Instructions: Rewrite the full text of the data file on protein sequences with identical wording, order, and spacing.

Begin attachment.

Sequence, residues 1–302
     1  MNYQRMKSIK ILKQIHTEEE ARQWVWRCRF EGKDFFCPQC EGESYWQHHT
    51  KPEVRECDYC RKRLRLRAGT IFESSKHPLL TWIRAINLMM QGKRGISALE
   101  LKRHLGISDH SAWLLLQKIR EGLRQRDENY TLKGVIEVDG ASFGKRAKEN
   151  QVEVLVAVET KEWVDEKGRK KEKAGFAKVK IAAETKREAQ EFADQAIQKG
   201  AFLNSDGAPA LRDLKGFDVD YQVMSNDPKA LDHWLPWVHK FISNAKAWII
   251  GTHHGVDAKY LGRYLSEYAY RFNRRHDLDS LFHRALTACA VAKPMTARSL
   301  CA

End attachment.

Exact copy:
Sequence, residues 1–302
     1  MNYQRMKSIK ILKQIHTEEE ARQWVWRCRF EGKDFFCPQC EGESYWQHHT
    51  KPEVRECDYC RKRLRLRAGT IFESSKHPLL TWIRAINLMM QGKRGISALE
   101  LKRHLGISDH SAWLLLQKIR EGLRQRDENY TLKGVIEVDG ASFGKRAKEN
   151  QVEVLVAVET KEWVDEKGRK KEKAGFAKVK IAAETKREAQ EFADQAIQKG
   201  AFLNSDGAPA LRDLKGFDVD YQVMSNDPKA LDHWLPWVHK FISNAKAWII
   251  GTHHGVDAKY LGRYLSEYAY RFNRRHDLDS LFHRALTACA VAKPMTARSL
   301  CA